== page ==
Over the last 20 years, power outages in the U.S. due to severe weather have doubled. As climate change and an aging electrical grid make power disruptions a greater risk, businesses are seeking ways to reduce the impact potential outages caused by all types of natural disasters could have on their operations.
The managers of Hunt Electric’s Service Division and High Voltage Division, who have more than 55 years of combined experience in the industry, recently recommended steps you can take to prepare for power outages caused by natural disasters and recover from them if they occur.
Build Relationships Before You Need Them
Establish a relationship with an electrical contractor you trust before a natural disaster or event beyond your control causes a power outage. A contractor who will make getting your power back online their first priority is critical to your operations. Because of your long-term relationship, the contractor will have a better understanding of your facility, how it operates, and the best way to get it up and running. It is also important to form relationships with external partners and pre-negotiate emergency service contracts with outside vendors to protect you from overpricing and inadequate support after a natural disaster. If you own your own power substation, building a relationship with a high-voltage contractor or having trained substation technicians and linemen on your payroll is imperative to maintaining power reliability.
It is also important to know which electric utility serves your building and have its emergency phone number on hand in the event of a power outage. Know where to find your electrical utility meter. In an outage, if the meter is flashing numbers, the power outage is on your side of the meter (not the utility’s) and you will need to provide an electrician or electrical contractor to safely restore power to your facility.
Install Backup Power
Having a redundant power supply keeps your business running when the lights go out. The size of your redundant power supply depends on several factors.
- The amount of power you need
- How long you use the backup power
- The amount of space you have for the backup system
Once you determine the size of the redundant power system you need, you can choose from different types of backup power systems that include diesel-powered flywheels, turbines driven by gas or wind, backup battery systems, and even fuel cells. Your electrical contractor can help you decide which option is best for you.
Buy Replacement Parts Ahead of Time
Keeping a supply of fuses, rubber goods, and specialized tools on hand makes replacing them easier if a natural disaster causes a shortage. If your business has a primary metering arrangement with the utility company and you are responsible for providing your own transformer, consider keeping a replacement on hand. Because obtaining a new transformer could take up to 60 weeks, a spare transformer is a vital component in preventing disruption of your critical operations. An electrical contractor can help you determine the best replacement parts to keep on hand.
Use The Power Of Preventive Maintenance
Infrared (IR) scans and arch flash analyses on your electrical equipment help your electrical contractor identify and repair problems. Keeping your equipment in optimal condition, by inspecting and maintaining it to make sure it is clean, safe, and sized properly, makes it more resilient in the event of a power outage, and less likely to be damaged or become a safety hazard to employees. This includes making sure electrical equipment is stable and attached to bases and that transformers are attached to the ground to withstand shaking.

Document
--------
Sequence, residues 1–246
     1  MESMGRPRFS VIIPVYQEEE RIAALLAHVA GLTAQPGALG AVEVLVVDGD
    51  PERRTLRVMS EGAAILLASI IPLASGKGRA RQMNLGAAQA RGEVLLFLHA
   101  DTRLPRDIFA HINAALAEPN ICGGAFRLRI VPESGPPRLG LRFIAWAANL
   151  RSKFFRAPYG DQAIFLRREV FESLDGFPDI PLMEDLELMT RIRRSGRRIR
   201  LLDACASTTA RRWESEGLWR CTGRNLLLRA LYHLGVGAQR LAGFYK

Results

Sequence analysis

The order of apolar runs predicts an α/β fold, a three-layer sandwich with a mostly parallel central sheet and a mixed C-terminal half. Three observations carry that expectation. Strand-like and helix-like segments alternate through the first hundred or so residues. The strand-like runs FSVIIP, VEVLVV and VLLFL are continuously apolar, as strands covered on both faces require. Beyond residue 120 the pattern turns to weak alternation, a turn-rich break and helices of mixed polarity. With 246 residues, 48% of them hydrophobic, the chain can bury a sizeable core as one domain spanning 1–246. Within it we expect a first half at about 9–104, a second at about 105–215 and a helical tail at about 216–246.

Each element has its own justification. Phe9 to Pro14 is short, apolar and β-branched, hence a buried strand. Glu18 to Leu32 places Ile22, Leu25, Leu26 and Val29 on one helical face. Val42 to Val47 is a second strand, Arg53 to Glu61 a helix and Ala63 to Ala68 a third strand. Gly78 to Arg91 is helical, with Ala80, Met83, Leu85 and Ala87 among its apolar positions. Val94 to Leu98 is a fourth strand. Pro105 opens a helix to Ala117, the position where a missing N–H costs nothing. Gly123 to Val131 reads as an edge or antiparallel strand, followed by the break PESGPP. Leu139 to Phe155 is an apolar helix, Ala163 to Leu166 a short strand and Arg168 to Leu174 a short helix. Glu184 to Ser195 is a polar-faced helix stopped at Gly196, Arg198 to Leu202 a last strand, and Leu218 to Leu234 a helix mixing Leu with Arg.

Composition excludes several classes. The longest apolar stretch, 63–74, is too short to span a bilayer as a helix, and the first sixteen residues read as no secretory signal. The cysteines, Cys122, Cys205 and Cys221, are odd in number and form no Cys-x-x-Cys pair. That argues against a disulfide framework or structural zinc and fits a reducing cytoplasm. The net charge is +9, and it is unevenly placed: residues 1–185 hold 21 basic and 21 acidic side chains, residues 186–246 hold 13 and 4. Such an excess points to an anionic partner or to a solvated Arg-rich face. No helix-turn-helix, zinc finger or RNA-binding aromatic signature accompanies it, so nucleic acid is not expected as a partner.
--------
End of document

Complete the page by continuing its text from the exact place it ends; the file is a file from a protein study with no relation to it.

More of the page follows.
Keep Hard Copies Of One-Line Drawings
If a natural disaster causes major damage to your facility, one-line drawings give your contractor valuable information about your electrical system so they can start diagnosing and repairing problems immediately. This detailed knowledge will give them precise information about your operations from the length and position of conduits to the size of your breakers and panels. This information is critical for rebuilding your system and getting it up and running as soon as possible. Having a hard copy of the one-line drawings makes them accessible and usable even when your power and servers may be down.
Make Electrical Recovery Part Of Your Disaster Plan
Odds are that you already have a disaster recovery plan for your business. You can make power recovery part of your plan by working with your electrical contractor. The contractor can help you determine what kind of temporary equipment you would need so that you can create agreements with local vendors to obtain generators or other electrical equipment as quickly as possible.
Identify Mission-Critical Infrastructure
Once you have identified your mission-critical electrical equipment, the next step is to determine how to replace it and how long replacement will take. The final step is creating a plan of action for replacing equipment that is damaged in a natural disaster. Your electrical contractor can help you through this process.
Natural disasters or even common severe weather events that cause power outages can’t be controlled and they’re rarely predictable. But keeping your electrical system in top condition, building a strong relationship with an electrical contractor, and creating a comprehensive recovery plan gives your business the confidence of being prepared for natural disaster events whenever they may occur.
An experienced electrical contractor is a key partner in preparing your business for all types of unscheduled power outages. If you have questions, Hunt Electric is here to help. Contact us today.